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If you do just sit and watch it for awhile, no one here will judge you.  I do it all the time.

Once it’s done, I would recommend putting it in the freezer to harden just a bit for a couple hours, but it’s pretty dang good right out of the bowl.  Garnish, and viola! Nice ice cream.  Now go celebrate something.

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Buffalo Chicken Zucchini Rolls

It’s zucchini season around here, and sometimes a giant zucchini stays hidden for a bit too long before it’s picked.

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Now that’s a monster zucchini.  You can feed like 16 people with this thing.  I was originally going to make zucchini lasagna, but then I decided to make some buffalo-chicken stuffed zucchini rolls. 

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Yup.  I definitely made the right choice.  They’re even pretty danged easy to make. 

You’ll need:

2T butter

4-5 T. flour

1/3-1/2 c. milk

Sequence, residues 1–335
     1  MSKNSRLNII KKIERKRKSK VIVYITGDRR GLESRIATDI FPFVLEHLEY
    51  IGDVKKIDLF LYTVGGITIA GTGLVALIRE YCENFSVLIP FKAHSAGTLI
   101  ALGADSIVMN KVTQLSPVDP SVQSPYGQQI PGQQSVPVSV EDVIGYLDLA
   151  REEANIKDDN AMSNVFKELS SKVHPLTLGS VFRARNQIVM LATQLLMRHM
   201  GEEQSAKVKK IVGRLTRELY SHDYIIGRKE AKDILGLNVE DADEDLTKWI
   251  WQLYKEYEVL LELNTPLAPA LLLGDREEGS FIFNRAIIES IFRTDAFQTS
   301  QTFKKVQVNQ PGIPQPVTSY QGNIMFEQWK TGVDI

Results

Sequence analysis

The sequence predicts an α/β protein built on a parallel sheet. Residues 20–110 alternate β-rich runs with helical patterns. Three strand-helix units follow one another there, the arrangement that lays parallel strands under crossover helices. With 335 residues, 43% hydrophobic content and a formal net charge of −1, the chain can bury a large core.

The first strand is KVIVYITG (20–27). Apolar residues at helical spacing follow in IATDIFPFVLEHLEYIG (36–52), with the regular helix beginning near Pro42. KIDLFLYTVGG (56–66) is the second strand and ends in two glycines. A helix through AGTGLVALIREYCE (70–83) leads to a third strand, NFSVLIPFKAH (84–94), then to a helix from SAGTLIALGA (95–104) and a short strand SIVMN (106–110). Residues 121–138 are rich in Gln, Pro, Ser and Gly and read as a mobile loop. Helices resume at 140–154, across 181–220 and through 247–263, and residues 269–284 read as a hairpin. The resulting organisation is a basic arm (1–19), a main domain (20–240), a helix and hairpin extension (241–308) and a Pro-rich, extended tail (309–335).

1T. pepper paste

Zuchinni

1 chicken breast

2 T. parmesean cheese

Mozzarella cheese, for topping

Salt

First you need to slice the zucchini into thin slices.  If you have a really old zucchini, peel it first.  Then you need to salt those suckers to draw out the water. 

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See the water beading out of that? You skip the salting and you may get stuck with soggy rolls.  Ugh.  To salt the zucchini, just pour salt on each side, lay the slices on some paper towel, and draw the water out of each side for about 30 minutes.  Pat each slice dry with paper towels and you’re good to go. 

While the zucchini is being prepared, cook up the chicken.  You can shred it or just cut it into small pieces.  At the same time, in a saucepan, melt the butter.  Add the flour and whisk in the milk very gradually to make a roux. 

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The sauce will thicken as it cooks.  Add the parmesean and then the pepper paste. 

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Pepper paste is awesome. It’s sort of like curry paste, but with peppers.  If you don’t have pepper paste, throw in some red pepper, garlic, and onion powder.  Mix about 2/3 of the sauce into the prepared chicken and simmer over low while you prepare the zucchini. 

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Preheat the oven to 350. 

In the center of each slice of zucchini, lay some of this filling and roll it up.

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Place in a 9×13 glass baking dish.